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Author Topic: Radials and counterpoise for very small yard area  (Read 3428 times)
KL7CW
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Posts: 609




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« Reply #15 on: March 27, 2019, 10:15:08 AM »

WW7KE makes a valid point that often reception is your biggest problem in typical urban settings.  Before spending effort and money on a transmit antenna, I would suggest that you string up a temporary wire and see if you can receive anything besides noise from all the plasma TV's, Wall warts, various lighting schemes in your house and other near (50 feet ??) houses.  Every situation is different.  For transmitting running the first 10 feet vertically directly on the wall, or probably even inches away I would guess for sure would attenuate much or most of your power.  I have never tried this myself, but have had some success with antennas further away.  You may need to experiment to see how far away from the wall is the minimum, but just a very wild guess is maybe something like at least several feet.  I have made some QRP QSO's from AZ, CA, and NV in similar homes to yours, but think the wires were mostly at least 5 feet from walls....signal reports not good, but better than nothing.  Something like your proposed 17 foot wire if it works near your house, is a good length for 15, 20, and 30 meters, and will work with reduced efficiency on 40 meters.  A remote (automatic) antenna tuner at the base of the antenna would be required for 15, 30, and 40 meters for sure, although if you have a built in ATU in your transceiver and a short run of coax, it may do the job with reduced efficiency.  When we lived in apartments, I strung up various wires made of very thin wire, probably 28 ga or smaller, however birds, wind, or whatever took it down a few times a year.  Worked with QRP power, but not sure about 100 watts.   Rick  KL7CW  Palmer, Alaska
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KF7ZFC
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Posts: 214




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« Reply #16 on: March 27, 2019, 10:26:38 AM »

Just bought on EBay 28 gauge white wire will give that a try as per WW7KE and K5LXP.

I have a have a RigExpert AA-30 so I can  tune the antenna. I have a 100 foot run of coax to the antenna.

My Yaesu FT 450D has a auto tuner that can deal with 3:1 swr

Because of how close my neighbor's child's bedroom  is I will be running 50 watts
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KF7ZFC
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Posts: 214




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« Reply #17 on: March 27, 2019, 10:50:43 AM »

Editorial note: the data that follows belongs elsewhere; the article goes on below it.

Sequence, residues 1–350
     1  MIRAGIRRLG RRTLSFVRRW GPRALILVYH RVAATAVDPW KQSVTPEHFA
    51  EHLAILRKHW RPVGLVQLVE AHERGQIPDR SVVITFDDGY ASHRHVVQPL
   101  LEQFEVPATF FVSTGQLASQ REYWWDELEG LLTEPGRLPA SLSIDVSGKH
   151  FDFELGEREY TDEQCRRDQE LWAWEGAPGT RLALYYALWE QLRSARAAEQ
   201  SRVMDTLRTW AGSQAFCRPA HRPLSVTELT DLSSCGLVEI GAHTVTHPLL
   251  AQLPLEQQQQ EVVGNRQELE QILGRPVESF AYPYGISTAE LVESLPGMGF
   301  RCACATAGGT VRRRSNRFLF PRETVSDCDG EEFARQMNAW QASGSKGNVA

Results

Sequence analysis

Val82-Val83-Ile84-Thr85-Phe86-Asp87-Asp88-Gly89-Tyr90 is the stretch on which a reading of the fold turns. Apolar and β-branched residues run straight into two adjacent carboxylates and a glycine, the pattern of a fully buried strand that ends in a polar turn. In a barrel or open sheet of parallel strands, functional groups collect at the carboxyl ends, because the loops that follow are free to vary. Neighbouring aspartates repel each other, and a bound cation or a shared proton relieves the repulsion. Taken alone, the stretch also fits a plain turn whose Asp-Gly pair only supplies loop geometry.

Just bought on EBay 28 gauge white wire will give that a try as per WW7KE and K5LXP.

I have a have a RigExpert AA-30 so I can  tune the antenna. I have a 100 foot run of coax to the antenna.

My Yaesu FT 450D has a auto tuner that can deal with 3:1 swr

Because of how close my neighbor's child's bedroom  is I will be running 50 watts
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KL7CW
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Posts: 609




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« Reply #18 on: March 27, 2019, 11:12:09 AM »

Sounds like you are on the right track starting with 50 watts.  I say that since in my experience 5 watts will only rarely cause trouble to consumer devices, but even 100 watts will sometimes cause trouble.  Also I agree with your concern about RF exposure to your neighbor is justified.  My guess is that 28 ga wire will probably handle the power, but this depends upon many factors.         Rick  KL7CW
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W1VT
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« Reply #19 on: March 28, 2019, 07:36:46 AM »

https://krupniklaw.com/chapter-3-american-flag-display/
In addition to the federal law on flying the American flag, Arizona has a specific law that requires an association to allow the flying of certain flags on flagpoles on the lot:  the American flag, military flags, the POW/MIA flag, the Arizona state flag, an Arizona Indian nations flag, and the Gadsden flag.  The association shall adopt rules governing the flying of the flag, which may include limiting the member to flying no more than two flags at once and the limiting the height of the flagpole to no more than the height of the rooftop of the member’s home.  However, the association cannot prohibit the installation of a flagpole on a member’s property.
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KF7ZFC
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« Reply #20 on: March 28, 2019, 12:52:19 PM »

Zack

The house is owned by my daughter and son-law and I am not sure they would like a flagpole.

Additionally the front yard is not big enough to lay down radials long enough for 20m operation

Steve

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W1VT
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« Reply #21 on: March 28, 2019, 04:38:13 PM »

There may be other hams in Arizona that may not be aware of that flagpole law.
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KL7CW
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Posts: 609




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« Reply #22 on: March 28, 2019, 04:55:09 PM »

Just a quick note about on ground or buried radials.  They do not need to be a quarter wavelength long.  In fact it is better and more cost effective to install more, but shorter radials, than a few 17 foot radials which is 1/4 wavelength on 20 meters.  Something like a dozen 8 or 10 foot radials would yield fair results on 20 meters and higher frequencies, and may even work to a certain extent on 40 meters if longer radials are not possible. I am not necessarily recommending a flagpole antenna but we are just trying to have you explore all options.  If you have plastic rain gutters, possibly you could just lay a wire inside the gutter.  I have also just tossed a wire up on roofs and tuned it against ground with an antenna tuner.  However I understand that tile roofs which are common in your area and some composite shingles tend to absorb RF.  I guess you could just try various options.     Good Luck   KL7CW
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W1BR
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Posts: 4196




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« Reply #23 on: March 29, 2019, 07:51:59 AM »

The flagpole antennas may be some sort of OCF design similar to a Cushcraft R7.  Although I have a tower and a six band Navassa  JK beam, the backup R7 will work DX.  But again, they are expensive.
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KF5KWO
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Posts: 66